Writing Poetry for Children
Verse Is More Than Just Rhyme!

Writing poetry for children: If you think it's easy, you're doing it wrong!

Two unaccented syllables between accented syllables, each of which comprises an 'anapest.' Two anapests per line, which makes this 'anapestic tetrameter.' Not so easy, huh?

There's an epidemic of bad verse out there. It's invisible to most people, unless they're in the business (as I am) of reading other people's writing.

Are you writing rhymes for kids? Not getting professional feedback? You might be guilty. Guilty of bad, bad verse.

Trust me, I'm not imagining this. Publishers and agents are refusing to read rhyming manuscripts. Do they hate poetry? No, but they do hate bad poetry, and they feel that that's all they're seeing. If they saw the good stuff, they'd be jumping for joy!

Could you write the good stuff?

Don't ever think that what Dr. Seuss did was easy

Dr. Seuss made writing poetry look easy. It was anything but. It took him 18 months to write The Cat in the Hat.

Seuss had barely 200 words to work with (because the book was intended as a reader, with very simple vocabulary), every line had to rhyme, and he needed perfect meter.

Oh, and he needed to make the whole thing short enough that it would be over before a four year old's attention span ran out. Article continues below.

Want to try it yourself? Those are Seuss's Cat in the Hat words below. And that's a sample of his rhyme scheme and meter at the top of the page.

Dr. Seuss's word palette!

Could you write a whole perfectly rhymed and metered book from what you see above?

What I'm trying to say is that Dr. Seuss tasked himself with trying to write a compelling story under the hardest possible constraints.

You know how they say Ginger Rogers had to do everything Fred Astaire did, only backwards and in heels?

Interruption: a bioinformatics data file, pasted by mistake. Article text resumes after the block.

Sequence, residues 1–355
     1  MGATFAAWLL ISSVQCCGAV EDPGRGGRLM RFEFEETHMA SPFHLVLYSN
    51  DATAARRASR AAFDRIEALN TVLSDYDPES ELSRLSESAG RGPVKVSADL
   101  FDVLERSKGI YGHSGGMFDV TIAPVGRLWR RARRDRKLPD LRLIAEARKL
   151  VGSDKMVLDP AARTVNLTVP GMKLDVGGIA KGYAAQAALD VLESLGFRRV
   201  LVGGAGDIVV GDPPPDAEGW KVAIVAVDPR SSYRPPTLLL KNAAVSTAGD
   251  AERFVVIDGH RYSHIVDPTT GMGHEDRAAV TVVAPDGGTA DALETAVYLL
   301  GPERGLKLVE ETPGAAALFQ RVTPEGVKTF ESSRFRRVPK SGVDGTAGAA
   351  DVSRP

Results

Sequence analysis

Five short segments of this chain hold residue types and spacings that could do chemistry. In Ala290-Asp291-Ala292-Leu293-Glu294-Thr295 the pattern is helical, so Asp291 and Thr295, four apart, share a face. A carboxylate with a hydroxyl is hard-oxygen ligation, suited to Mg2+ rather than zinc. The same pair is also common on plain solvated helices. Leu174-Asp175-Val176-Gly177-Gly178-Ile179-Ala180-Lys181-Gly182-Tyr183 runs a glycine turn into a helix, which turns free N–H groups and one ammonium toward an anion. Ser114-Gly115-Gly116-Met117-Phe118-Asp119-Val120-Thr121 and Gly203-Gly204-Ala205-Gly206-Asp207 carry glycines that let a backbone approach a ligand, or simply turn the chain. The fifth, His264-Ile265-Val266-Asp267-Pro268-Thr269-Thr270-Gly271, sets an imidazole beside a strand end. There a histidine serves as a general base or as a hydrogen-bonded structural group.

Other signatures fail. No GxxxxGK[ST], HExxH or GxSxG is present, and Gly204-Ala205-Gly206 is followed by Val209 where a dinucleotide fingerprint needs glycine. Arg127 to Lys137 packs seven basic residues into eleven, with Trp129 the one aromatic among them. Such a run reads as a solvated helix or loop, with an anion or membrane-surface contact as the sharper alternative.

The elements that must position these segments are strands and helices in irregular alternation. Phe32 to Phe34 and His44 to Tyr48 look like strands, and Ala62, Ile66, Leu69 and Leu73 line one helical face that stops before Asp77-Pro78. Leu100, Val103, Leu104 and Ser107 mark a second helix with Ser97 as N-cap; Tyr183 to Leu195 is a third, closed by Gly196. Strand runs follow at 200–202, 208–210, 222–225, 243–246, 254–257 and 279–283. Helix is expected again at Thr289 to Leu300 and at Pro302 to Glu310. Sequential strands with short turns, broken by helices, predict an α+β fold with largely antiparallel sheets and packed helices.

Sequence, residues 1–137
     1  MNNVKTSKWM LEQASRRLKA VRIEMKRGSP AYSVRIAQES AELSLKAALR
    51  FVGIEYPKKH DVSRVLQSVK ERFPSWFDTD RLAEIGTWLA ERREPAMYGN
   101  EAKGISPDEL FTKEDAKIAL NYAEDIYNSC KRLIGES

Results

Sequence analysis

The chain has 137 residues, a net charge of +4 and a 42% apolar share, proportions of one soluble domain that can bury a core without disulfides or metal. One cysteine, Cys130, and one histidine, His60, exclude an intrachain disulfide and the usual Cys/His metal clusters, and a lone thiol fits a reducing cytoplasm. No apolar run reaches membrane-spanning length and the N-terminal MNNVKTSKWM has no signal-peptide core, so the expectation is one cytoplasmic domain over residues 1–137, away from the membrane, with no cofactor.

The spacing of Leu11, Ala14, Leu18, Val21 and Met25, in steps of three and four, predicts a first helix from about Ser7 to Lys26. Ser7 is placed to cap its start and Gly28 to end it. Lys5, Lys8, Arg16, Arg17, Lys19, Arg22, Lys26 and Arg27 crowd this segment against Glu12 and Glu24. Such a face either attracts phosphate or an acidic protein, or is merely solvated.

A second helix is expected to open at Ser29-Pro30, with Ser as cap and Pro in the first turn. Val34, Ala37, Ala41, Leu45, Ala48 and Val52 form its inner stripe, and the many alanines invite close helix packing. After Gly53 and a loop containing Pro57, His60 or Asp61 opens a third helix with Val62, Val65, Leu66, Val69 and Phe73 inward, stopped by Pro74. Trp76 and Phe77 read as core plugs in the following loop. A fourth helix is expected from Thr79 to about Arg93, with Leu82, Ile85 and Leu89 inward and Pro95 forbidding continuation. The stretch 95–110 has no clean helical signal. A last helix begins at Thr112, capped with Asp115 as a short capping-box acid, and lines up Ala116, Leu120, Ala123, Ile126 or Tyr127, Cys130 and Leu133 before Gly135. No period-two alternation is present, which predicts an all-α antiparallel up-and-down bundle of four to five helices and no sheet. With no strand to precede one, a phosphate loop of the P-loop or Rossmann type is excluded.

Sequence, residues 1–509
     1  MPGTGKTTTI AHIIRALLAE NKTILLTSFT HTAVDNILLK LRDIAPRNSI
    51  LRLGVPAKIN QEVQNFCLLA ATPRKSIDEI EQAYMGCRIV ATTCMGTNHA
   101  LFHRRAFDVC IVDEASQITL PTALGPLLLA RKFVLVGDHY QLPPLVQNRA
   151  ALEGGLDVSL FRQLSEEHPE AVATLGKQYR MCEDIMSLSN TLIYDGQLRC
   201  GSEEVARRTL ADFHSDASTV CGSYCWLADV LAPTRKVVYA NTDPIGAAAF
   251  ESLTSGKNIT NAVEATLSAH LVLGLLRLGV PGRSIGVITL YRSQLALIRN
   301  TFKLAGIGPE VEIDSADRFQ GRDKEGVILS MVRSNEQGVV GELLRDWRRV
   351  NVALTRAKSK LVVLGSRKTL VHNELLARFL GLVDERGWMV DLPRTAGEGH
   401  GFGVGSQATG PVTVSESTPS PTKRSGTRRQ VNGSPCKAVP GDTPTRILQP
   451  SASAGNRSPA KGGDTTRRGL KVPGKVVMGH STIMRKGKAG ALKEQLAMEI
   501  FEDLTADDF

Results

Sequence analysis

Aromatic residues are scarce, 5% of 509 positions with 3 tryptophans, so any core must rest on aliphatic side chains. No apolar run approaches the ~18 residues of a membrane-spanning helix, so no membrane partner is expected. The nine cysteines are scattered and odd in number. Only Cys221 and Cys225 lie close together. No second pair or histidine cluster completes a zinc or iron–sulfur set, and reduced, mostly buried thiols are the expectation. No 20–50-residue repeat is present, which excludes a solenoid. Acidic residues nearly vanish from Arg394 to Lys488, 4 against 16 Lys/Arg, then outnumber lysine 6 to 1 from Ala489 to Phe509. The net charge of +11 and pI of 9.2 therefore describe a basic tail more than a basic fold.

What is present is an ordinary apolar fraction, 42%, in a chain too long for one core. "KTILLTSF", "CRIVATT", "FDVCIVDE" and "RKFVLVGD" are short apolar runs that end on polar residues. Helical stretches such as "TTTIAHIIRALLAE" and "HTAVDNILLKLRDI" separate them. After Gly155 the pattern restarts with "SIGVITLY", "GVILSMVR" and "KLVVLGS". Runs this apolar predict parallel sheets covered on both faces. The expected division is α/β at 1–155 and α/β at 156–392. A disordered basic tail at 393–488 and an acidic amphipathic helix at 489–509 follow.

That's what writing poetry for children is all about.

So let's write a sequel to the sequel to The Cat in the Hat

We'll call it, The Cat in the Hat Comes Back...With a Baseball Bat!


You can't say baseball bat in a Dr. Seuss book.

You knew that, right?

Why you can't say
"baseball bat"
in Dr. Seuss rhyme

Remember from school how words are made up of syllables, and syllables are either accented or unaccented? It might have seemed like useless information. Well, if you want to write poetry for children...

That bit of knowledge is useful now!

Let's look at a line of Seuss. When a syllable is accented, I'll write it in CAPS. When it's not, well, you'll figure it out...

i SAT there with SALly,
we SAT there we TWO.
and i SAID, “how i WISH
we had SOMEthing to DO!”

According to Wikipedia, this meter has a fancy name: anapestic tetrameter. Seuss used it almost exclusively.

It's responsible for the infectiousness of his work. It's very sing-songy, very memorable. And it works like this:

Two unaccented syllables followed by one accented syllable, lines always ending on an accent. Rhymes always ending on an accent.

There is one exception: sometimes Seuss will start a line with a single unaccented syllable, instead of two. But the missing unaccented syllable is there in the silence, in the pause it causes the reader to take. You'll notice that when a line starts with one accented syllable, you can slip another unaccented one in there if you like:

so i SAT there with SALly,
yes we SAT there we TWO.
and i SAID, “how i WISH
we had SOMEthing to DO!”

So why can't you say "baseball bat"?


Because there aren't two unaccented syllables between accented ones! Try to slip the phrase into the verse above. You'll inevitably find yourself saying baseball BAT. And that's just wrong!

When you're writing poetry, the words are supposed to be pronounced and emphasized just like when you speak.

Why I'm telling you all this

Someone has to! As I said before, there's an epidemic of poorly written verse out there. You don't want to be one of the guilty parties, do you?

Now let me be clear: I'm no expert in writing poetry for children; my only talent is an ability to recognize bad verse.

To my mind, a writer has two choices:

  1. Learn how to write poetry for children.
  2. Content him/herself with prose

If you think you're up to the task of writing poetry for children that stands the test of time, you're going to need a few things:

  • An awareness that something can rhyme and still sound awful
  • A rhyming dictionary
  • A thesaurus
  • A dictionary

The last three items can be found online!

To work on the first item, you're also going to need to study the work of others. A writer who doesn't read is about as easy to spot as a bad line of verse! Fortunately, I've got some resources for you.

Also, I review a ton of Seuss on this site. In many of the reviews, you'll find snippets of the master's work.

My reviewers and I also review some great rhyming books from other atuhors. Each of them has something to teach.

Want to take a free online course in writing rhyming verse for kids?

Audrey Owen, the writer's helper, provides just such a course. We've taken it and recommend it highly!

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